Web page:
In the third part of this course, I introduced you to the virtual machine manager or virt-manager. Today, I'm going to show you how to create your own virtual machine with virt-manager.
There are two ways (using virt-manager, that is . . . there are always other ways) to create a new virtual machine. One involves creating the machine from scratch, via the virt-manager interface and the other uses cloning. You, in effect, create a clone of a running virtual machine (I'll cover cloning in the next installment of this course). Let's start by taking a look at creating a virtual machine from scratch.
From the Virtual Machine Manager, make sure you are connected then left-click the main host instance (localhost). You should see the button labeled New switch from its grayed out state to available. For the following example, I'll take you through an Ubuntu Linux installation. Click New to start the VM creation process and you'll see a window asking you to specify a name for your new VM and requesting an installation method (see Figure 1).
Figure 1 : What will you call this new machine and how will you install it?
Step two asks you to specify the location of your installation media, whether it be an attached CD or DVD, or an ISO Image (see Figure 2). Allow me a momentary backtrack to step one before I continue. The ISO install is the method I chose, but there are others as well. For instance, you could import an existing image and install from that (in a fashion similar to that of the Amazon AMIs), boot using the local network (PXE), or boot from a network install directly from a distribution's repository.
For example, a 64 bit CentOS system could be installed using this path.
For this example, I'll use an Ubuntu Oneric (11.10) server image I downloaded to my home directory's Downloads area.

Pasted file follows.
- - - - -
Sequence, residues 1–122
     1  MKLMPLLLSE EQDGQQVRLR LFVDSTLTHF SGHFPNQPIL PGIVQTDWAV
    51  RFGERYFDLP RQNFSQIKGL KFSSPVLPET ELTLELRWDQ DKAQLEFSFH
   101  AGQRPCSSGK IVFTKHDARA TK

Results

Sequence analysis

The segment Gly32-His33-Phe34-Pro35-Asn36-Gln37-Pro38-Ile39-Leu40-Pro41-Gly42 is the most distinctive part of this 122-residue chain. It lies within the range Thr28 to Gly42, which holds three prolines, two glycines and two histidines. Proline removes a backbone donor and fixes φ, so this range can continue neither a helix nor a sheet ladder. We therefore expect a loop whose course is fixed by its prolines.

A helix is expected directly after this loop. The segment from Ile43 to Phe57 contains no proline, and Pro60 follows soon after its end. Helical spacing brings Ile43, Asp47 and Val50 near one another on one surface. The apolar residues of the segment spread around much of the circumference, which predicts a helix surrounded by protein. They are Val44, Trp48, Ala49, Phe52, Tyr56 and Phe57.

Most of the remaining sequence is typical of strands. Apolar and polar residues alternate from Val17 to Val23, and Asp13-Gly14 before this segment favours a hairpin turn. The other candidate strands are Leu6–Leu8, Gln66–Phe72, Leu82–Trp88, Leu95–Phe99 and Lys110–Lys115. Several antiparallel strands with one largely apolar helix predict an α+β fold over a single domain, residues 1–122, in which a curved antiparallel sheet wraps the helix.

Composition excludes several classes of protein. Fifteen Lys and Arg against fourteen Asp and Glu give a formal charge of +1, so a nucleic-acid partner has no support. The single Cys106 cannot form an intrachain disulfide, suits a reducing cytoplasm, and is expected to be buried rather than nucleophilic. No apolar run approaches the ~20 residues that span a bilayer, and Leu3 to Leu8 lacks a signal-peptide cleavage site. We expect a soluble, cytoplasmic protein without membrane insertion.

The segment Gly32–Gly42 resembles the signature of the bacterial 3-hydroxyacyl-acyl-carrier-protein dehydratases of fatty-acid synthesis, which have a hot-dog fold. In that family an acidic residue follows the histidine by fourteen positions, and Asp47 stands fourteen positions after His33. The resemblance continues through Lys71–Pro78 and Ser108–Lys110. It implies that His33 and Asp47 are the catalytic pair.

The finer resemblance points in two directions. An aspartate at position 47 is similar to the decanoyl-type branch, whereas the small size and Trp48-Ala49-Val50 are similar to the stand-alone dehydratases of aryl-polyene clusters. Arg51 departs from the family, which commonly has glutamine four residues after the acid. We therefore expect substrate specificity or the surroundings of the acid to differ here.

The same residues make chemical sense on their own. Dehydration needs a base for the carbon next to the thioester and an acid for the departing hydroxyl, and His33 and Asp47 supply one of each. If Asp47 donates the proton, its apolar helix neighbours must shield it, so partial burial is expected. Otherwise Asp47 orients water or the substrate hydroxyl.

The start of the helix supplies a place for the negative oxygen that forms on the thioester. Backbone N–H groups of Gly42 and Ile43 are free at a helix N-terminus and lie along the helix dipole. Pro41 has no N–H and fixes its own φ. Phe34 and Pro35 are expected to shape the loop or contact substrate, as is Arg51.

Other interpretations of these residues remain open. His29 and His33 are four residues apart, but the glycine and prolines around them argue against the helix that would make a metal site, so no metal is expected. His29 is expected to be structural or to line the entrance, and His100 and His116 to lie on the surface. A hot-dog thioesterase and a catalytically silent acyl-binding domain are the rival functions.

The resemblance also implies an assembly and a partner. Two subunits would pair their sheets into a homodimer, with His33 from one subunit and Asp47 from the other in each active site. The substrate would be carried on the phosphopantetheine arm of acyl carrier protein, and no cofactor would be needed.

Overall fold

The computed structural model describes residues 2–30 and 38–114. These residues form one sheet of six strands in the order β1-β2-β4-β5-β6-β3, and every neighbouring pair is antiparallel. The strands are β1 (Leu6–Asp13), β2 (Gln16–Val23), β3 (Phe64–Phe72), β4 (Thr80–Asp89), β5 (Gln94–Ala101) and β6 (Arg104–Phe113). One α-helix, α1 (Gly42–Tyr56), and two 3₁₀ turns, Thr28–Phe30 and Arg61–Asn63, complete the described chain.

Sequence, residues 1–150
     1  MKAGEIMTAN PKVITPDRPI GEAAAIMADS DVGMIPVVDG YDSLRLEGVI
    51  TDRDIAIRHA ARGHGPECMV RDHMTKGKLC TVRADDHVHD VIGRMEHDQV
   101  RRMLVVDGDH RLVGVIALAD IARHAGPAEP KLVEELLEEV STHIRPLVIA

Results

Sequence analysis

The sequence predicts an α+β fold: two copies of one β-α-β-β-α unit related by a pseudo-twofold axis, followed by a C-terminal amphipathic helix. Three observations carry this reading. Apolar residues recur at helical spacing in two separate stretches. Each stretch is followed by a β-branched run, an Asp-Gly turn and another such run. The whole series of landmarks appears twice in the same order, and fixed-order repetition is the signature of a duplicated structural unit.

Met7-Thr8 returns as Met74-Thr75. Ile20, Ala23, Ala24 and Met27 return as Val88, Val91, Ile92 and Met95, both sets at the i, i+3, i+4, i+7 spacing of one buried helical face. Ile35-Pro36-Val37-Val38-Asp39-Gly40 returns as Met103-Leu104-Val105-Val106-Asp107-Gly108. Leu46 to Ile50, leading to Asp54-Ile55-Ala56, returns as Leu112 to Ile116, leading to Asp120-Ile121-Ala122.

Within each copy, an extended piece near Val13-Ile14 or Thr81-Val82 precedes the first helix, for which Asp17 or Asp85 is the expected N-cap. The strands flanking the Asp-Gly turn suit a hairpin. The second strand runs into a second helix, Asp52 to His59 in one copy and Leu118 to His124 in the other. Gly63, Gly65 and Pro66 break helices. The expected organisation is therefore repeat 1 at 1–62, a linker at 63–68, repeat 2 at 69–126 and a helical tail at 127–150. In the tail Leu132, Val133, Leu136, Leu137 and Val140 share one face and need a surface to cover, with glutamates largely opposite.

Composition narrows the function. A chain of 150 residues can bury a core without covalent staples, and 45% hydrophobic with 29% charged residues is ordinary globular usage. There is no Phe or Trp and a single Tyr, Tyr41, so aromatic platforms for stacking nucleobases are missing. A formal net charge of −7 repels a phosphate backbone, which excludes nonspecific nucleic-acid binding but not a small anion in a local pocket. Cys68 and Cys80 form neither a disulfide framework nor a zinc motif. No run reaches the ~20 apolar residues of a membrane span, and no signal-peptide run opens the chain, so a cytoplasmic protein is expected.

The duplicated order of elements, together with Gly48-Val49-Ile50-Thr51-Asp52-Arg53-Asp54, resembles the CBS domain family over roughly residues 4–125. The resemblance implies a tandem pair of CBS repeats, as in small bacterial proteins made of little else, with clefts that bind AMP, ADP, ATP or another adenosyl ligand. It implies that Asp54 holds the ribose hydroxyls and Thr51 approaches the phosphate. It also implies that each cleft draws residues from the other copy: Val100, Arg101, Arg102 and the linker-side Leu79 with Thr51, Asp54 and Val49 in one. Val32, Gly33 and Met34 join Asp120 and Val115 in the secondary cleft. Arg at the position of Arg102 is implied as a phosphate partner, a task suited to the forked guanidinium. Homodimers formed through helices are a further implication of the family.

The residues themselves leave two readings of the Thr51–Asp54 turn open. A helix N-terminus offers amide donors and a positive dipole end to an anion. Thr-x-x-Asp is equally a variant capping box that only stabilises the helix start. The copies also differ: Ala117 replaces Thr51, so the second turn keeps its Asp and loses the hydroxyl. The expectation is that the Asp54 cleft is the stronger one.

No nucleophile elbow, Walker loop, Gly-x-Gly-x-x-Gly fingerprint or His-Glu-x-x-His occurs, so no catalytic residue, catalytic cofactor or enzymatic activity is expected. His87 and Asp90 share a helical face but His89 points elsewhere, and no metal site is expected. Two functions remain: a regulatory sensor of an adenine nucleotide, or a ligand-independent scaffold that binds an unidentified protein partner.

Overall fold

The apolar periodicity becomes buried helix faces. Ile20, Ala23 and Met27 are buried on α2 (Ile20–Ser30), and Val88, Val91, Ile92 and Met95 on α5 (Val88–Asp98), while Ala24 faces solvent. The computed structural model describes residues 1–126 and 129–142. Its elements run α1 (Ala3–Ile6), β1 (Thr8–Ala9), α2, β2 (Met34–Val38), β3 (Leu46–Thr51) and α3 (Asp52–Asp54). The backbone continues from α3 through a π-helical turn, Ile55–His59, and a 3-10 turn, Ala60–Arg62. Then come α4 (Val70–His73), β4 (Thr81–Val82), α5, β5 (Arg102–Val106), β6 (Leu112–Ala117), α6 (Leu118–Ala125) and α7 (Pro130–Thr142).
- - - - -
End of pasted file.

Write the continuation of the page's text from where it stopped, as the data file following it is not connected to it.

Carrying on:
Figure 2: Select the path to your install media.
A little further down in step 2, choose the OS type (Linux) and the version you are installing; you could also choose to install Solaris, other Unix flavors, or Windows. Each OS type has multiple versions defined, so make sure you use the one that most closely matches the system you are trying to install. Click Forward to continue. You will be asked to define the amount of memory (RAM) assigned to the machine, and the number of processors (see Figure 3).
Figure 3 : Choose your memory and CPU settings.
Click Forward and it's time to define the storage space you will allocate to this VM. When you define a disk here, virt-manager will create the file for you. If a storage file already exists, or you pre-created it in some fashion, you may specify that as well. Notice the check box next to "Allocate entire disk now". If you choose this, it takes a little longer as the disk file is prepared, but the installation is quicker. Leave it off and the disk will grow to the defined maximum space as it is needed (see Figure 4).
Figure 4 : Time to allocate the storage space for our virtual machine.
Click Forward and you'll have one last chance to review your VM, including assigning networking, before actually launching the process (see Figure 5).
Figure 5 : The last step reviews the choices to date, but also lets you specify networking and virtualization options like architecture.
Click Finish again and the installer will create the disk file. Depending on the size of the file, this step may take a few minutes. Once done, you'll find yourself back at the virt-manager screen with your virtual machine in a running state. Stats on disk and CPU usage should start appearing in seconds. On a fresh install, you'll want to interact with the machine. To do so, either double-click on its entry, or right-click and select Open. By default, the VM's control panel will open with the Console button checked. This is done using a VNC viewer attached to the server process on the VM. In effect, you are connected to a graphical console from which you can continue with the installation. Figure 6 should look pretty familiar in as installation goes.
Figure 6 : Connected to the VM's VNC console, installtion proceeds as though you were right there with the real thing.
From here on in, it's pretty much the same as any machine installation. When the machine reboots, it will disconnect from the CD image and you'll be able to boot your machine normally. Pretty cool!